Here at the MIT Sloan Sports Analytics conference, the Krossover company is demonstrating a fantastic app in which you can test your sports-viewer savvy by watching the first half of a play and trying to predict what happens in the second half. For example, you’re shown the beginning of a fast break and asked to choose who you think will ultimately score, or shown pre-snap motion around the line of scrimmage and asked to guess how many defenders will rush the passer. It’s incredibly simple, but has the potential to be endlessly complex. (Imagine having to guess between cover-3 and cover-2 coverage, or pick the cut a player should make using the guidelines of the Princeton offense.) The only downside to this game — which isn’t yet available to the public — is the fact that it seems like once it’s released it will, in short order, destroy the working productivity of the entire planet. (No reason it couldn’t be used for soccer.)
One of the games available for testing here at the conference covers referees’ calls. You see a clip of two basketball or football players colliding and have to guess: what was called, a block or a charge? Defensive pass interference or no flag?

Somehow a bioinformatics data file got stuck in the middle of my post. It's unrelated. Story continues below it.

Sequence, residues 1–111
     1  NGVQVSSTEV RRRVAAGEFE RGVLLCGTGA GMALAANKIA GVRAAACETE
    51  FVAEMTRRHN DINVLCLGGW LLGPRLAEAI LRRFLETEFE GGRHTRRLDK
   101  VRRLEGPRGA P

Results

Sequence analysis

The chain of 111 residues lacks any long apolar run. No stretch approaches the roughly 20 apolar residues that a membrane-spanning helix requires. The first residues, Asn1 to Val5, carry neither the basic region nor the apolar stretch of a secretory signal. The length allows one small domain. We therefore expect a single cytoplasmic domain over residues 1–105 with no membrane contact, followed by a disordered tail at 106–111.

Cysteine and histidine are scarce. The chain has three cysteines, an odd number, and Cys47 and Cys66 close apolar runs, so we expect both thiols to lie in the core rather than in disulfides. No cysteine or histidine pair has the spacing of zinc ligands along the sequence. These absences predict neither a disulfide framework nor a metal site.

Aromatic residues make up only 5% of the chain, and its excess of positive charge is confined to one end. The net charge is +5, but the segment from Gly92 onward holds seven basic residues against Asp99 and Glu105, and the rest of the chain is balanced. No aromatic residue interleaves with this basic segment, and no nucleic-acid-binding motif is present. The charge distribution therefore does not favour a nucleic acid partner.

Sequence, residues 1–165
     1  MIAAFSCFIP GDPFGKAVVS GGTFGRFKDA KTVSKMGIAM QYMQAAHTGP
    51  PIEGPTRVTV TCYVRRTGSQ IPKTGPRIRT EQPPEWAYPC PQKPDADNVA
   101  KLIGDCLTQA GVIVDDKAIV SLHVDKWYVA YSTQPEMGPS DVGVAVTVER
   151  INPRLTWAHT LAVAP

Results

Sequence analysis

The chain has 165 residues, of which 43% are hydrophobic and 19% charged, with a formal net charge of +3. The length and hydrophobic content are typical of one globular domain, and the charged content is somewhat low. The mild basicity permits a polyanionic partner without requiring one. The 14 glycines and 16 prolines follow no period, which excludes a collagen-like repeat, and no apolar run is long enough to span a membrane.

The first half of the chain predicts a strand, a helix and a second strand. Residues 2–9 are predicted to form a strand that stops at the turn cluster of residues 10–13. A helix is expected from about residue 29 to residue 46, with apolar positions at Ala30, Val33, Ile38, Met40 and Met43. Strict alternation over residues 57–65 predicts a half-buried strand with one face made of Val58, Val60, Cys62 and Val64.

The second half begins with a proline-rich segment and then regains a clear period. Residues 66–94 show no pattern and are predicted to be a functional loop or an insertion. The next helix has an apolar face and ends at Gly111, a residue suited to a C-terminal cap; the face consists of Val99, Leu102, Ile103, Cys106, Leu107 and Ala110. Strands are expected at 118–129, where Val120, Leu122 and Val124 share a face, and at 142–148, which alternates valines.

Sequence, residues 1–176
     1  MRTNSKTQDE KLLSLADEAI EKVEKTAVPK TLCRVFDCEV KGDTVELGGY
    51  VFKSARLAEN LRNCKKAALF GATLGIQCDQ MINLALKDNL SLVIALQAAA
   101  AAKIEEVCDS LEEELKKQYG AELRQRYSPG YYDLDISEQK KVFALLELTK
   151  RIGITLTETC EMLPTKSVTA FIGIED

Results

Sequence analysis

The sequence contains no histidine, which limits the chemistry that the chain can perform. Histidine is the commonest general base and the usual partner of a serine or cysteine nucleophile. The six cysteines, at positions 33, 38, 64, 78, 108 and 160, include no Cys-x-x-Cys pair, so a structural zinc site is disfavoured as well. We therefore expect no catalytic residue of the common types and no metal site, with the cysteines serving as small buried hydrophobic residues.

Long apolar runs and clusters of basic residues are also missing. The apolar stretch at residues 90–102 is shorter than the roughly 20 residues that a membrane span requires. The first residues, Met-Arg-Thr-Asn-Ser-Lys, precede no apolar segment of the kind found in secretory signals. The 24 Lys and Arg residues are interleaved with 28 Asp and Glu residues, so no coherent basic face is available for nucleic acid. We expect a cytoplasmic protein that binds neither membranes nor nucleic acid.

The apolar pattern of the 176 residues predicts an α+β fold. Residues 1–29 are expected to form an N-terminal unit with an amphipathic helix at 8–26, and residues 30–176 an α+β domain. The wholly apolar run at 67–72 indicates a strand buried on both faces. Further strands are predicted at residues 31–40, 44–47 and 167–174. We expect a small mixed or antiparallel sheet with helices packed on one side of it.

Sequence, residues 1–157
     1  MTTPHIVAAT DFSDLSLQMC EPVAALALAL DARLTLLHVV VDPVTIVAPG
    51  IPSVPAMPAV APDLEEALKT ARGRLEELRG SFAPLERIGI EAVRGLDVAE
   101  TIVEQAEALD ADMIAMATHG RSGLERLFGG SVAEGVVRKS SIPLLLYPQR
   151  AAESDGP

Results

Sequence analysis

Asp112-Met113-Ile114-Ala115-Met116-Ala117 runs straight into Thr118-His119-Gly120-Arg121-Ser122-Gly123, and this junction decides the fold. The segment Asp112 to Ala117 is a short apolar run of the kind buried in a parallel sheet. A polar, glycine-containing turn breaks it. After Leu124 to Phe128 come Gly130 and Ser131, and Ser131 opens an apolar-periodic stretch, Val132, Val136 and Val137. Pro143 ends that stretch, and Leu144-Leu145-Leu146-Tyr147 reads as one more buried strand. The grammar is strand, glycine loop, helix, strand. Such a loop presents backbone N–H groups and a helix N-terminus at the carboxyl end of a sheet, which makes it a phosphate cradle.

Here’s who’s got the current high score.
- The State Department has faulted Hillary Clinton for breaking email rules and failing to manage cybersecurity risks as Secretary of State.
- 11 states are suing the Obama administration for telling schools to let trans students use the bathroom of their choice.
- Protests outside a Donald Trump rally in New Mexico turned violent Tuesday night as demonstrators threw rocks and bottles at police officers.